Hospitals are in a unique position when disasters strike. Predominately regarded as safe havens, hospitals are expected to continuously provide quality patient care and protection to patients, associates and visitors during a disaster, as well as prepare to receive victims from the disaster.
Each year, weather-related calamities lead to approximately 500 deaths and $15 billion in damages. As a crucial asset in the response and recovery of a community following a disaster, hospitals must ensure the safety of the physical environment to maintain focus on treating patients.
For much of the United States, tornado season is an annual and terrifying occurrence that healthcare facilities must protect against. Learn the three steps hospitals should take now to ensure staff can act quickly at a time when every second counts.
Implement a comprehensive emergency management plan
In 2017, the Centers for Medicare and Medicaid Services updated emergency management requirements for 17 providers and suppliers of healthcare including hospitals, long term care, home health, and outpatient services. These requirements mandate that all Medicare and Medicaid providers must have comprehensive emergency management plans in place that account for their patients, associates, and communities for all natural, man-made, and technological disasters. Though a majority of providers already had emergency plans in place, this rule added requirements to ensure a continuity of care throughout the disaster.
"Hospitals should also develop a clear understanding of disaster response supplies and equipment when creating their plans"
As we enter tornado season, hospitals should take the time to ensure their emergency plans are updated and associates trained in response when it comes to tornados. These swift-moving catastrophes make it difficult to respond in a timely manner unless plans are comprehensive and determined well in advance.
It’s not enough for plans to be borrowed from other organizations; the plans must be specific to the healthcare location, the risks, local response organizations that may assist and practiced regularly so all are prepared. Considerations should include pre-landfall actions, safe shelter locations, accountability procedures, horizontal and vertical evacuation, building damage assessment, and training practices.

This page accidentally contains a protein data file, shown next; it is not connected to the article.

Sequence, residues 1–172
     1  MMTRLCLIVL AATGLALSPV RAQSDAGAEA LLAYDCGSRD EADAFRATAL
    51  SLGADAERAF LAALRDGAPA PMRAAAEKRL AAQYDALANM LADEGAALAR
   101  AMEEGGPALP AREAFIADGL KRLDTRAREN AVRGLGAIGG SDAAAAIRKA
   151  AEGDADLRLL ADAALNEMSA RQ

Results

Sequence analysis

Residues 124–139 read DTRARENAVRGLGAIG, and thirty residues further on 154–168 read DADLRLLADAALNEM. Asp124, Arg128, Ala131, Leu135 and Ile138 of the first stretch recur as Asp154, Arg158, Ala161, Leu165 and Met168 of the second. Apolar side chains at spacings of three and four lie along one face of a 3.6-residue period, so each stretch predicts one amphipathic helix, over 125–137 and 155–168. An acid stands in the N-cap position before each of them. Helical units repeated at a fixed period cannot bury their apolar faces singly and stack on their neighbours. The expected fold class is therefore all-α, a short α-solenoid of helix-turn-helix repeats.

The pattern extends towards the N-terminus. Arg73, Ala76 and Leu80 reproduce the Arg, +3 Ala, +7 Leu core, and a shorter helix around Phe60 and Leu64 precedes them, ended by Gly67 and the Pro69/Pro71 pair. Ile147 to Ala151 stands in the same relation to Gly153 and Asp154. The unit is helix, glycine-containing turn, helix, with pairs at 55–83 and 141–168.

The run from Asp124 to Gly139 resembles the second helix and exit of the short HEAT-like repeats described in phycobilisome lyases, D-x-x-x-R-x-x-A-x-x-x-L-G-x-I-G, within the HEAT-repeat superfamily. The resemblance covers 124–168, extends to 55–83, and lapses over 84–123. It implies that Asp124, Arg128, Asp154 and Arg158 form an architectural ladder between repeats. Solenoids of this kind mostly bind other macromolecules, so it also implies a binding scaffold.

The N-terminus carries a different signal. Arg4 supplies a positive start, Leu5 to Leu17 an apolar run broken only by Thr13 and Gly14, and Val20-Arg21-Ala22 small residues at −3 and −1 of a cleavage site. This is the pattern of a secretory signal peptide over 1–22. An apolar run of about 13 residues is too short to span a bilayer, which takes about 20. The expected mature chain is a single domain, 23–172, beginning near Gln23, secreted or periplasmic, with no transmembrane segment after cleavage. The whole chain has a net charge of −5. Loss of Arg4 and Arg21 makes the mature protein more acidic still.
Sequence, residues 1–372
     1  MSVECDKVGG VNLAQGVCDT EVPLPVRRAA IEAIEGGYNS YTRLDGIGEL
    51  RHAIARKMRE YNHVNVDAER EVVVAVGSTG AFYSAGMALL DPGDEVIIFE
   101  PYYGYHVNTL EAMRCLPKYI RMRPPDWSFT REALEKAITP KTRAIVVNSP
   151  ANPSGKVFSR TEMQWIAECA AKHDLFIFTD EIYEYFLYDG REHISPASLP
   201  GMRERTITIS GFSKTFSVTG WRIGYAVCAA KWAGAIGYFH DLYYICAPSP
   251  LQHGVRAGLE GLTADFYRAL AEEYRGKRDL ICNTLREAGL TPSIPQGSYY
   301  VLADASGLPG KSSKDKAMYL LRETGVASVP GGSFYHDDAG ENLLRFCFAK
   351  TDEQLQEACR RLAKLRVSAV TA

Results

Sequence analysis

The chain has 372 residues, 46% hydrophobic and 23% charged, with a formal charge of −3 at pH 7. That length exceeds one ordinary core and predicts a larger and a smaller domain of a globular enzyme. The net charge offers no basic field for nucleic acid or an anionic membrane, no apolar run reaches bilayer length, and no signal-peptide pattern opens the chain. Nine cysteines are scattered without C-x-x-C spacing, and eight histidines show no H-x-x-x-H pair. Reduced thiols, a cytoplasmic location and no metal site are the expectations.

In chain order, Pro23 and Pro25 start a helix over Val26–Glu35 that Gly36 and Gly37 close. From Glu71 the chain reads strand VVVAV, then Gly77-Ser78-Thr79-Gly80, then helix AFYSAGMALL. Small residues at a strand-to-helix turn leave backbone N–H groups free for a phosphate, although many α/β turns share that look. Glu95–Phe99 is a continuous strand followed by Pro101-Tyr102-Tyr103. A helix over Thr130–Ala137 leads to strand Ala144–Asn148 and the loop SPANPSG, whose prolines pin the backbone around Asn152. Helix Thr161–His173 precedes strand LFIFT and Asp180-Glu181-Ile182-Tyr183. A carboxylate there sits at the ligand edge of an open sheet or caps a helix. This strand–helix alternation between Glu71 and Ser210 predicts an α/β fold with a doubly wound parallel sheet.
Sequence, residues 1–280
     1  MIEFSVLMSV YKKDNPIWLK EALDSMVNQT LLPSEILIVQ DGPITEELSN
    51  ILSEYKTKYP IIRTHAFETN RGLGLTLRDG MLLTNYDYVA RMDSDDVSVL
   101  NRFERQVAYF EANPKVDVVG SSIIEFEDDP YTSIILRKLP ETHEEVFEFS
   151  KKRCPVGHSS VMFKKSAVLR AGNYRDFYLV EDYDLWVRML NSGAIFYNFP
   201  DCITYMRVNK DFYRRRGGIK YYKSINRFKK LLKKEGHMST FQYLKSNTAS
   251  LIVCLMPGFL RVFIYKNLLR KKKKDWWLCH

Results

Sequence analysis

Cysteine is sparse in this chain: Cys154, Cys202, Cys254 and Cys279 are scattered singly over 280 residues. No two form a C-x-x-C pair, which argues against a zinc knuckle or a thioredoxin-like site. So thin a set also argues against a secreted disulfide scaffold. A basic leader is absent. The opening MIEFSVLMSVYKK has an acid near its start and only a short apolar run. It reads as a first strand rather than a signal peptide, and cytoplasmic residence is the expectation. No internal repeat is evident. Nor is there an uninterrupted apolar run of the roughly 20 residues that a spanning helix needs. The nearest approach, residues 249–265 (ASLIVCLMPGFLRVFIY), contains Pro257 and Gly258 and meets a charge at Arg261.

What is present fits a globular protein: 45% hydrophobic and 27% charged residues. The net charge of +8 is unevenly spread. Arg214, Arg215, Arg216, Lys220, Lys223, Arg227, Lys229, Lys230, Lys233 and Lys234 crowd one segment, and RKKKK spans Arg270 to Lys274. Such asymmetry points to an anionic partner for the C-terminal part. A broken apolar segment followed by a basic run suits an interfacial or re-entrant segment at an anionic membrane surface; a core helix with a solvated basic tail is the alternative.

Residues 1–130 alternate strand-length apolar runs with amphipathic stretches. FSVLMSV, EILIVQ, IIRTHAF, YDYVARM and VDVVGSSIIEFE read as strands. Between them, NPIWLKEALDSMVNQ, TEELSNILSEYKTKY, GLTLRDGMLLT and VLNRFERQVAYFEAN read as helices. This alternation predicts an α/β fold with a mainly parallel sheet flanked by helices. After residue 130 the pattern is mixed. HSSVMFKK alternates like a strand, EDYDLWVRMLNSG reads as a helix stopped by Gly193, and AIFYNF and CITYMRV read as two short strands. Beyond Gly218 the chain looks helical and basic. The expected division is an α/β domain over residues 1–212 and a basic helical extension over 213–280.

Hospitals should also develop a clear understanding of disaster response supplies and equipment when creating their plans. During the 2013 Joplin, Missouri tornado, the hospital was unable to access their disaster equipment as it was stored in a single location that became inaccessible. Plans of nearby healthcare facilities should be shared so there can be a unified response within the community.
Develop communication infrastructure
Given the short lifespan and extremely damaging effects of tornados, it is vital that the right communication infrastructure is in place.
Communication must be clear, accurate and rapid in order to be effective. Modern-day conveniences such as smart phones and social media can be both helpful and hurtful for communication during a disaster. Though hospitals will have the opportunity to share news in real time with a large audience, such technology has also created the expectation of instant updates. Therefore, communication infrastructure should be created at both the internal and external levels. Communication alternatives such as satellite phones, HAM radios, and mass notification systems will be necessary if the communication infrastructure of the community is damaged.
Hospitals should also employ a dedicated public information officer to coordinate messages, create plans for internal team member communication, and plan for various scenarios, ranging from power outages to tornado destruction. If the hospital incurs damage, family and friends of patients will want to quickly know their status, and may overwhelm communication systems. Directing family and friends to a call center can alleviate the problem.
Follow the plan
Once plans are in place and training has been regularly scheduled, it is imperative that the plan is followed. It may seem like a simple process, but without regular training and exercises, leadership teams may “freelance” their response and cause unexpected consequences.
These plans should not only be followed as precisely as possible, but they should also be maintained, tested and trained often. This is especially important during peak tornado season, which typically falls between the spring and summer months.
Simply put, following well-developed emergency management plans and all subsequent processes and procedures is one surefire way to protect hospitals against the damaging and long-lasting effects of tornados.
A tornado can wreak havoc in an instant. If your healthcare facility is ill-equipped or underprepared, the consequences can range from the loss of community trust all the way to the loss of lives. Is your hospital prepared to take on tornado season?